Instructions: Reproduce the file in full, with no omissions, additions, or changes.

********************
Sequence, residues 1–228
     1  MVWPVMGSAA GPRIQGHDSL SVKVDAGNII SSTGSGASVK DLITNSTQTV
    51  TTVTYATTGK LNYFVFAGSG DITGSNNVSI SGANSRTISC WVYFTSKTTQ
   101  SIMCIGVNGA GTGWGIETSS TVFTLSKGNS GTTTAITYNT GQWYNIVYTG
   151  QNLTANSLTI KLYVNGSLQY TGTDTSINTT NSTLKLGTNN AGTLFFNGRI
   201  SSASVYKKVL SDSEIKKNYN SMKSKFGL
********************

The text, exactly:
Sequence, residues 1–228
     1  MVWPVMGSAA GPRIQGHDSL SVKVDAGNII SSTGSGASVK DLITNSTQTV
    51  TTVTYATTGK LNYFVFAGSG DITGSNNVSI SGANSRTISC WVYFTSKTTQ
   101  SIMCIGVNGA GTGWGIETSS TVFTLSKGNS GTTTAITYNT GQWYNIVYTG
   151  QNLTANSLTI KLYVNGSLQY TGTDTSINTT NSTLKLGTNN AGTLFFNGRI
   201  SSASVYKKVL SDSEIKKNYN SMKSKFGL